On Monday Deutsche Post was ordered to cease actions that limited competition in the pre-sorting business. On Friday, a law may be passed that could end its letter monopoly. The company has had better weeks.
Storm clouds hover over Deutsche Post's mail and logistics empire
It's shaping up to be a particularly hard week for Deutsche Post. It began on Monday when the German postal service, Europe's biggest mail carrier, received an order from the Federal Cartel Office which stated it should immediately cease actions that hinder competitors from entering the pre-sorting business.
While the mail and logistics giant prepares to go to court over accusations that it abused its monopoly by barring small and midsize companies from receiving discounts for collecting and pre-sorting business mail, another red-letter day looms at the end of the week.
That Monday feeling lasts all week
On Friday the Bundesrat, the German parliament's lower house, will rule on an initiative that will ultimately remove Deutsche Post's monopoly of delivering letters less than 100 grams (3.5 oz) in weight by the end of the year.
Before that hearing, Deutsche Post must address the claims against its discount practice. According to the Federal Cartel Office, Deutsche Post's discount practice "prevented competitors' entry into the market to collect, pre-sort and deposit mail" at its delivery centers.
Deutsche Post reserves the discounts for big customers that want to pre-sort bulk mail such as advertising or statements, the watchdog claimed in a statement. The discounts vary between 3 percent and 21 percent on normal rates.
The watchdog, which said Deutsche Post violated German and European cartel law by discriminating against smaller rivals, said in the statement that complaints from medium-sized companies, such as Berlin-based PIN, had led it to its decision. Deutsche Post denied any violation and claimed the company was acting in accordance with German postal law and European Union rules.
Deutsche Post prepares for court battle
Deutsche Post says it makes savings of as much as €200 million ($257 million) every year by restricting discounts to larger clients, such as banks, which in turns helps to pay for the nationwide universal postal service that it must provide under the terms of its monopoly. Until this issue is resolved -- Deutsche Post will try to overturn the antitrust ruling at a court in Düsseldorf according to a spokesperson -- the company insisted that it would not suspend its discount practice.
As well as riling the Federal Cartel Office, Deutsche Post has challenged the European Commission which said in October that the company infringed EU competition law by barring small to medium sized companies from earning discounts.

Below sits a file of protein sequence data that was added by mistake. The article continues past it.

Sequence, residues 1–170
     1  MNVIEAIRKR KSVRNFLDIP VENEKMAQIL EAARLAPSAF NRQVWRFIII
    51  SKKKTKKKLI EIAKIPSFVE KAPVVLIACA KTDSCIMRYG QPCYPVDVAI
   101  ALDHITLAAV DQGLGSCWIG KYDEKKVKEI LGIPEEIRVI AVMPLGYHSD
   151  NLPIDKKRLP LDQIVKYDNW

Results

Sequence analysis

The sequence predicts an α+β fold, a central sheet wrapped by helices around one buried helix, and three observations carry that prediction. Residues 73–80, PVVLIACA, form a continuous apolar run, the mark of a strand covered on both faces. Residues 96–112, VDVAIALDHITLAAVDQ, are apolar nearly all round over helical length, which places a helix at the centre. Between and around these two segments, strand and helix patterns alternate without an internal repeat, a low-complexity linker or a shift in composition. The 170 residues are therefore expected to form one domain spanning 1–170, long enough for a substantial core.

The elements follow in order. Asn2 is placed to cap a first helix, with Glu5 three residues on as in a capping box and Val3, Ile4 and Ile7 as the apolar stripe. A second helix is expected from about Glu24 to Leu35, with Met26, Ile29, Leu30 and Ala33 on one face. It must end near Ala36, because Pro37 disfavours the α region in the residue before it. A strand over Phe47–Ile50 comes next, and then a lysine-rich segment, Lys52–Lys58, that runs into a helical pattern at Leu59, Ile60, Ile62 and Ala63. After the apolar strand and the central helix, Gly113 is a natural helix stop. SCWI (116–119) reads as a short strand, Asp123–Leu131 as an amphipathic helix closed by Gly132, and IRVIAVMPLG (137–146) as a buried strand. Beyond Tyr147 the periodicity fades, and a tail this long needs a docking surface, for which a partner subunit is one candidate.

Letter monopoly on life support
While the arguments continue, Deutsche Post faces the prospect of its monopoly on letters being cut by a decision in the Bundesrat on Friday. The carrier's monopoly on letters was officially due to expire at the end of 2007 but after intervention by the states of Lower Saxony and Hessen, which claimed that postal services would be improved by open competition, Germany's politicians will now decide on whether to bring the monopoly to an end by December this year.
It is another blow for Deutsche Post in its battle to hang onto all parts of its empire. Back in 2002, Germany bowed to EU pressure by agreeing to scale down Post's monopoly in stages reducing exclusive delivery rights to an upper weight limit of 100 grams from 2003 and to 50 grams from 2006. Now it seems there could be a chance that it could all be thrown open to tender by the close of 2005.
Open competition bad for Germany, say experts
Some experts claim that taking away Deutsche Post's last bastion of monopoly will lead to ill-effects for the company, its workforce and the community as a whole as areas of the business are closed down or relocated. "Taking branches and letter boxes from Deutsche Post undermines its financial standing," Social Democrat Klaus Barthel told reporters.
"This crossroads for the entire abolition of the letter monopoly is a welcome step," Elmar Müller, a director of the German Federation for Post and Telecommunications (DVPT) told DW-WORLD. Müller rejects fears that Deutsche Post and Germany at large will suffer from such competition. Using the example of Scandinavia where letter monopolies have been absent for some years, Müller said there had been, in general, no problems.
Companies like the French carrier La Post and the Dutch Postal Service are expected to show interest in an open German market but according to Ola Hellgren, an expert at the Landesbank Rheinland-Pfalz, believes that Deutsche Post will still have an advantage. "The mass market will remain with Deutsche Post because everyone knows them and knows it works," Hellgren told DW-WORLD.